Used Peugeot 406 long-term review

Our Peugeot 406 meets a successor 20 years its junior, and shows quite how much our car buying tastes have changed

Words By Alex Robbins

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  • The car Peugeot 406 1.8 LX
  • Run by Used cars team
  • Why it’s here To find out whether bangernomics – the art of buying a banger to use every day – really does work
  • Needs to Prove the benefits – or pitfalls – of buying a used car for a bargain-basement price

Price when new Β£14,440 Price on arrival Β£450 Approx value now Β£500 Mileage on arrival 67,128 Mileage now 68,342 Test fuel economy na Official fuel economy 32.5mpg

15 February 2018 – third report

In the introduction to our 406 back in November last year, we made reference to the fact that the way car buyers are buying their cars has changed. But that’s not all; the types of car they’re buying has changed, too.

Of course, manufacturers have responded to this, and the recent delivery of a Peugeot 5008 to What Car?’s road testers threw that great change in the nation’s automotive tastes into sharp contrast.

The 5008 represents a typical large family car of today; the sort of thing buyers would choose to ferry around two children, tackle longer journeys on days out, and undertake the airport slog (or perhaps venture even further afield) for the annual family holiday.

As it happens, our Peugeot 406 is a car from the same manufacturer which fit exactly the same bill 20 years ago. And as you can see in the pictures, there’s quite a considerable difference between the two.

Comparing them side-by-side throws into sharp contrast our shift to SUVs, illustrating what we’ve gained – and what we’ve lost.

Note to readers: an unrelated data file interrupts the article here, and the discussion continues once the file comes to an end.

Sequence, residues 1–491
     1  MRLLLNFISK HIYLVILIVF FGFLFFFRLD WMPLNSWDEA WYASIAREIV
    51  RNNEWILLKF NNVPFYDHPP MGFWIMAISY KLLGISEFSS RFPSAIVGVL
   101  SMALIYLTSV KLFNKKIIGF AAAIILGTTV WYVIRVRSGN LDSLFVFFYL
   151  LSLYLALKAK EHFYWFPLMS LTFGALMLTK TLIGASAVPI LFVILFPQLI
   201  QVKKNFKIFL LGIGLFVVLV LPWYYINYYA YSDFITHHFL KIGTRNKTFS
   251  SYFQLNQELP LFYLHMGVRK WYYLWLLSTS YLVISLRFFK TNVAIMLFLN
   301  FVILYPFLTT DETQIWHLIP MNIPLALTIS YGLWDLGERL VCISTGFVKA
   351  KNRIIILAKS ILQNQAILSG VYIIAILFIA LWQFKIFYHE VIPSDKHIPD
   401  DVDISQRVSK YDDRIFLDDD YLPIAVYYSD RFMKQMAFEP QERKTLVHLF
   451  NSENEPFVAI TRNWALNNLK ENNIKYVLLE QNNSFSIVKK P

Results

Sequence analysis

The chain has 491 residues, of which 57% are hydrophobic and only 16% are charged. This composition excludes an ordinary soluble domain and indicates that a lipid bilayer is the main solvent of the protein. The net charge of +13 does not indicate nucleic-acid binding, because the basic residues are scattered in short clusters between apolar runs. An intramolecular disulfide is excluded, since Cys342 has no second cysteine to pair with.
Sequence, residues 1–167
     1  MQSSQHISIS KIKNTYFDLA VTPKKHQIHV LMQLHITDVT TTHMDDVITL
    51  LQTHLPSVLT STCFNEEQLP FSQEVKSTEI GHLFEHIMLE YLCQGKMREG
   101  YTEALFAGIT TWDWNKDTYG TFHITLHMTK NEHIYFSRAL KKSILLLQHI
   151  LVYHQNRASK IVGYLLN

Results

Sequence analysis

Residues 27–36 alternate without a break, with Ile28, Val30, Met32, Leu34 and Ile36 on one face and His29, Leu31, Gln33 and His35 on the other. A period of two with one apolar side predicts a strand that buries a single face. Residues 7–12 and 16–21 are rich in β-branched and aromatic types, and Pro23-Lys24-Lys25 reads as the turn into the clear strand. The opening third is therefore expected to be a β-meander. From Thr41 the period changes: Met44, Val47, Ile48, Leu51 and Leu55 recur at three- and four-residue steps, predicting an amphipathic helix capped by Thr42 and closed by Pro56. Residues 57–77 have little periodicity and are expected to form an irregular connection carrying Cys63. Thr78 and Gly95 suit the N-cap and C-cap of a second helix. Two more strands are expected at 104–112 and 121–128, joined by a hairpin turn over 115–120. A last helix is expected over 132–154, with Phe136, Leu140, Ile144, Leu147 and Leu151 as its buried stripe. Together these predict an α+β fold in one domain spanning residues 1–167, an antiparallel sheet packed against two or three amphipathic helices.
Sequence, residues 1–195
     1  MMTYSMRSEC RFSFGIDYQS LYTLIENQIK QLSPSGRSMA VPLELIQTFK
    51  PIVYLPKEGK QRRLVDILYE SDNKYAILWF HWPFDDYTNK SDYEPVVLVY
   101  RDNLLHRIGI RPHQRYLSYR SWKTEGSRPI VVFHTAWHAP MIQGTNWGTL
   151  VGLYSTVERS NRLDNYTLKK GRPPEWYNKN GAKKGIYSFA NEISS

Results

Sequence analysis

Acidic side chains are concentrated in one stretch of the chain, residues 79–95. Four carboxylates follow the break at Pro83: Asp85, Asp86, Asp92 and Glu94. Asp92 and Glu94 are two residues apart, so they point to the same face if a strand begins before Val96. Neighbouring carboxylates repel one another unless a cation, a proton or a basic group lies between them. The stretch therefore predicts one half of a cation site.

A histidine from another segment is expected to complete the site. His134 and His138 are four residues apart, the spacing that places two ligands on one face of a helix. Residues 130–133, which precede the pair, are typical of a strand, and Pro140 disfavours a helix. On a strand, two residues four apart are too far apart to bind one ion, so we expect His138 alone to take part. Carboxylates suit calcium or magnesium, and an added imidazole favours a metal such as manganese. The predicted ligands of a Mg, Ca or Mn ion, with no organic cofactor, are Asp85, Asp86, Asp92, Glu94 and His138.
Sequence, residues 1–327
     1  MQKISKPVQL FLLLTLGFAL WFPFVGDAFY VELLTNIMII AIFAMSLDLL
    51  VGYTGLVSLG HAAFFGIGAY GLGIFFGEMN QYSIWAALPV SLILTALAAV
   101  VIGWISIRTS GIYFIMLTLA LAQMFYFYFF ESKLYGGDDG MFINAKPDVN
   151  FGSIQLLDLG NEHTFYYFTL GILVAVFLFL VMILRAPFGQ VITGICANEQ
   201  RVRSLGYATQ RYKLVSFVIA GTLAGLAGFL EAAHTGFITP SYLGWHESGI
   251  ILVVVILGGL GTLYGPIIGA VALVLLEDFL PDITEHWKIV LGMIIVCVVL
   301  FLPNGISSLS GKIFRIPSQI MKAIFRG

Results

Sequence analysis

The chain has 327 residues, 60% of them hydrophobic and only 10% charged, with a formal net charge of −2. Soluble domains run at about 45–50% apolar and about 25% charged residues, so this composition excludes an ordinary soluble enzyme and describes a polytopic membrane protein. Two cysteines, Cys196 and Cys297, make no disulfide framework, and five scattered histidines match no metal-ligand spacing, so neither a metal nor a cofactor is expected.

In the former camp, quite clearly, there’s a whole heap more space. The 5008 even comes with an extra row of seats in the back, meaning you can cart around your beloved offspring’s friends as and when you need to.

The 5008’s interior is undoubtedly more stylish and better built, too, although on the latter count, the difference isn’t quite as great as you might think; the 406 had a high-quality interior in its time.

Less visible are the technology and safety enhancements; the 406 was a three-star car under the considerably less stringent Euro NCAP tests of 2001, whereas the 5008 scored five stars under the most up-to-date testing regime. Or, to put it another way, a crash that might leave you or your passengers seriously injured in the older Peugeot would be one you could probably walk away from in the newer car.

But a quick spin in the 406 also reveals how much more pleasing it is to drive, its cosseting ride achieved without compromising the way its front end snicks cleanly into corners, or the amount of feel its steering delivers. True, the 5008’s controls are lighter, but the 406’s better visibility, thanks to its slimmer metalwork between the windows, and greater feedback mean it’s actually the easier of the two cars to drive at slower speeds.

To my eyes, the 406 is the more attractive of the two cars, too, its elegant styling and dart-like nose looking neat and crisp next to any big, boxy modern SUV.

It’d be easy, then, to simply say 'they don’t make β€˜em like they used to', and have done with it. Too easy, in fact. As fond as I’ve become of the 406, and as much as I enjoy driving it, it’s hard to recommend as a form of family transport today unless cash is so tight that it’s your only option. Newer, bigger, better-equipped and safer, the 5008’s the one I’d want to cart my family around in on a daily basis. It’s a choice I’d be making with my head, but it’s the right one.

Of course, if it was just me needing a set of wheels to commute to work and back on my own in, it’d be a tougher decision...

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